# Complex Numbers

1. Apr 3, 2012

### conorordan

1. The problem statement, all variables and given/known data

"The transformation T from the z-plane to the w-plane is given by

$w=\frac{1}{Z-2}$

where $Z=x+iy$ and $w=u+iv$

Show that under T the straight line with equation $2x+y=5$ is transformed to a circle in the w-plane with centre $\left ( 1,-\frac{1}{2} \right )$ and radius $\frac{\sqrt{5}}{2}$

3. The attempt at a solution

I've worked out that the line $2x+y=5$ can be written in locus form as $\left|Z-10\right|=\left|Z+10-10i\right|$

2. Apr 3, 2012

### Joffan

$2x+y=5 \implies y=5-2x$ so we're looking for the transform of $z = x+i(5-2x)$.

3. Apr 3, 2012

### conorordan

okay I substituted z into the transformation but I cannot get an equation of a circle to come out, where do I go from here?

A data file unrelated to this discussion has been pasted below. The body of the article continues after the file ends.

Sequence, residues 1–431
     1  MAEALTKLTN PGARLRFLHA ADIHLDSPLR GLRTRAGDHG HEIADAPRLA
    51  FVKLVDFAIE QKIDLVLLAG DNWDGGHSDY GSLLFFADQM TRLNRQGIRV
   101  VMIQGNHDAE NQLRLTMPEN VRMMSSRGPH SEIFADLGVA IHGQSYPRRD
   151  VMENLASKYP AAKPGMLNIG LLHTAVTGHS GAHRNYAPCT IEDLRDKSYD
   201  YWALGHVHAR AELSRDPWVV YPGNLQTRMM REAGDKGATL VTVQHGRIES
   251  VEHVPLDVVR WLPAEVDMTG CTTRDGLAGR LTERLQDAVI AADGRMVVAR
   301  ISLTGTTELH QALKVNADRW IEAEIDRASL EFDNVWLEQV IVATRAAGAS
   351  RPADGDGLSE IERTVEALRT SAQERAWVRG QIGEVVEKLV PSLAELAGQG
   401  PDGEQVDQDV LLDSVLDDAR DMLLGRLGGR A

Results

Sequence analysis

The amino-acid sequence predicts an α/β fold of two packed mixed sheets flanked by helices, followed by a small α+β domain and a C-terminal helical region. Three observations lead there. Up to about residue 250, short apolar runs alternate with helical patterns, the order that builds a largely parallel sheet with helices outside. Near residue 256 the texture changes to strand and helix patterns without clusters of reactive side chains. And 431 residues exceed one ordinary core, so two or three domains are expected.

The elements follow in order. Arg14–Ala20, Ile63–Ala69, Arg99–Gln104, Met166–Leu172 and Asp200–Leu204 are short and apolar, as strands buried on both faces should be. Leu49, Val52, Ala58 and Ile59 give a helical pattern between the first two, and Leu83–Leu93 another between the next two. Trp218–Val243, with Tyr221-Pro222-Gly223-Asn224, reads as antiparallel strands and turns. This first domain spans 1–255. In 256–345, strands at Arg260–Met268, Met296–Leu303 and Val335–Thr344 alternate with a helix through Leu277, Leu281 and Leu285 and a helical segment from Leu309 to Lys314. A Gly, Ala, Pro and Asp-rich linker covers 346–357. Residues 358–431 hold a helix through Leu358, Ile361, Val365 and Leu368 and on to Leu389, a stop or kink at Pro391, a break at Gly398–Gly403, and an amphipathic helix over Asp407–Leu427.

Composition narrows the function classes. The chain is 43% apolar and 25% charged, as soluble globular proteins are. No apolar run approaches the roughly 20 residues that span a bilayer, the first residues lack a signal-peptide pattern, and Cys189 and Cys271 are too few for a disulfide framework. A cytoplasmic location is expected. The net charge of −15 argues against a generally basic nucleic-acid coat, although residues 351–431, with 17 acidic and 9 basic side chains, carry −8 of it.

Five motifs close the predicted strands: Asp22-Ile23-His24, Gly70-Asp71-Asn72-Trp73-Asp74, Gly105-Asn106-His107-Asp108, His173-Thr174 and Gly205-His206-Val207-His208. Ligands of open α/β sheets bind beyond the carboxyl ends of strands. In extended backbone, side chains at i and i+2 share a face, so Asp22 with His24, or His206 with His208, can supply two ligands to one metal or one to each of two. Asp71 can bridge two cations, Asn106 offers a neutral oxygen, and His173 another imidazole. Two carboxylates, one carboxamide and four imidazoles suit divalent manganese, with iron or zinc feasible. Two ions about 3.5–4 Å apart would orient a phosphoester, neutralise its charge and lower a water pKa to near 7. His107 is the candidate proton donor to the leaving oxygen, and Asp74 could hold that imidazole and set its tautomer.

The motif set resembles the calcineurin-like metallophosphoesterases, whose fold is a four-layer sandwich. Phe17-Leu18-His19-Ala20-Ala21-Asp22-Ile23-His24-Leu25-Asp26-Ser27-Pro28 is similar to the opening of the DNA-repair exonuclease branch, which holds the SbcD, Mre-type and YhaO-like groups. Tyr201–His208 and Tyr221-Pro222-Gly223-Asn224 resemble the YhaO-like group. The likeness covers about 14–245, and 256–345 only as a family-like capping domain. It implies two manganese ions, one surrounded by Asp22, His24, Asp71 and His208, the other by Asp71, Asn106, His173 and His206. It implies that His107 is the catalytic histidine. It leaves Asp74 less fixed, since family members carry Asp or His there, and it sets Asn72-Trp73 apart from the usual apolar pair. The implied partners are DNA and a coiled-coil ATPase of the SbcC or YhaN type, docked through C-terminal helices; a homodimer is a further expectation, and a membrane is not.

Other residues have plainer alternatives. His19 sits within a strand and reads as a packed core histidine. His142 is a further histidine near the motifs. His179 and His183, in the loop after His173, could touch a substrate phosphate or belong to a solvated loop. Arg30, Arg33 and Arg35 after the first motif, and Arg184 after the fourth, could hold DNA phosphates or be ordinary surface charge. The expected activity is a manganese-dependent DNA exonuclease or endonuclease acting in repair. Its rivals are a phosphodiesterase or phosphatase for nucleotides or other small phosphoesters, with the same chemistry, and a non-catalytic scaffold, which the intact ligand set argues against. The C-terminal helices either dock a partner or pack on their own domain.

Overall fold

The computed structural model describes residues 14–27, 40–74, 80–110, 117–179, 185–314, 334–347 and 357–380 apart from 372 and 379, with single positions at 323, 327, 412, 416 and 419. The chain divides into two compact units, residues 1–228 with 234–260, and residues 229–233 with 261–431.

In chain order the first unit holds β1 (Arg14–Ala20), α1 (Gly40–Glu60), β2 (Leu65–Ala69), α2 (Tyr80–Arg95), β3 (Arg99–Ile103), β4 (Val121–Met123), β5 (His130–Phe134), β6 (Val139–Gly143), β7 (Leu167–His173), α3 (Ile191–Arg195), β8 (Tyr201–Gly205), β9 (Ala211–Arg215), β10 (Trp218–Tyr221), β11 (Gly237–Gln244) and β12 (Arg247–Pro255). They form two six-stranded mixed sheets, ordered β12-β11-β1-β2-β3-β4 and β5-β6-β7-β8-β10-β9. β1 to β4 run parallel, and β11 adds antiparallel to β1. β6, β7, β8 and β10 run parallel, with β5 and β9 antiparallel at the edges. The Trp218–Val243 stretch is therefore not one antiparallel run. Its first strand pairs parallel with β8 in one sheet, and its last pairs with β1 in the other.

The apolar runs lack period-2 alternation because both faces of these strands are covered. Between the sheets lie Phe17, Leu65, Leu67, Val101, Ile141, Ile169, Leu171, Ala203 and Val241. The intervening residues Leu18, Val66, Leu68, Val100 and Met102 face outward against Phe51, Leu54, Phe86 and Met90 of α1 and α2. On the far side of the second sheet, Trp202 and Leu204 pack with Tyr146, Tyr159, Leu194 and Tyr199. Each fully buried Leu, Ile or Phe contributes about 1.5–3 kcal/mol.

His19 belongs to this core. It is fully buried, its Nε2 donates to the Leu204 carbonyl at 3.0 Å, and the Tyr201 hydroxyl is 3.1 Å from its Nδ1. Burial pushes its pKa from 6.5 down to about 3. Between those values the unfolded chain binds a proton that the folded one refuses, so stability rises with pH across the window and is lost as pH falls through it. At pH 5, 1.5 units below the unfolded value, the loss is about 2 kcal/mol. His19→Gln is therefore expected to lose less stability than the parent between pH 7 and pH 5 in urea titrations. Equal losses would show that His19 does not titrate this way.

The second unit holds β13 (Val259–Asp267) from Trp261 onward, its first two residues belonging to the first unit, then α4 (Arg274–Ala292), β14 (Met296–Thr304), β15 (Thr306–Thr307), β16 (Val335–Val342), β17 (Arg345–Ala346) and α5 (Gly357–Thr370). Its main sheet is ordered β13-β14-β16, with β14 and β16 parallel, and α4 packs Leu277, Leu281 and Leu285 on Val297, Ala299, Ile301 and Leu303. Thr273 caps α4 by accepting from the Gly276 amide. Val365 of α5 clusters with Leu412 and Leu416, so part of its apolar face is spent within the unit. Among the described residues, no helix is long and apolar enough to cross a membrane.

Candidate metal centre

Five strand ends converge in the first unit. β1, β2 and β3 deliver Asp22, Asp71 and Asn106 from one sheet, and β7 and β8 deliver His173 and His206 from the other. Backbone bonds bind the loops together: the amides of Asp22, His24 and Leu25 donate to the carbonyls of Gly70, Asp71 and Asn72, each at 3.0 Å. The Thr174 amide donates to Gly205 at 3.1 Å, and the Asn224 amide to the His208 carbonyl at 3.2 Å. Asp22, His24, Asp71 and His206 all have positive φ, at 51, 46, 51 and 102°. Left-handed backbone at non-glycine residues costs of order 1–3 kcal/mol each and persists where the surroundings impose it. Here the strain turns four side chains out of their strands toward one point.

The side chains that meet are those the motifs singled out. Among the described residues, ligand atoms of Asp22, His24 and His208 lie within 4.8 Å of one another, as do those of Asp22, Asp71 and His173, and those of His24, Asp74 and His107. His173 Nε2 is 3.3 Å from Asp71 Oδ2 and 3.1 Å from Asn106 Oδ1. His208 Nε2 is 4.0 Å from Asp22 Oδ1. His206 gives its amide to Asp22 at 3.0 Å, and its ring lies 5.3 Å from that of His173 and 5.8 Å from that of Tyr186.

4. Apr 3, 2012

### Fredrik

Staff Emeritus
Can you find u and v in terms of x? I would do that, and then compute $(u-1)^2+(v+\frac 1 2)^2$. If you get stuck, then show us your work up to the point where you are stuck.

Edit: OK, I actually tried that, and the result I got is kind of a mess. Makes me wonder if the statement you want to prove is actually true. Can you check if you have stated the problem correctly?

Edit 2: I tried a couple of specific points on that line (the ones I tried were 2+i and 1+3i), and found that they are mapped to points at the correct distance from 1-i/2. So the statement you're supposed to prove is probably OK. This should mean that it's possible to simplify the mess I got to 5/4. Maybe there's a less messy way to do this. It's been a long time since I did one of these problems, so I don't remember if there are any standard tricks.

Last edited: Apr 3, 2012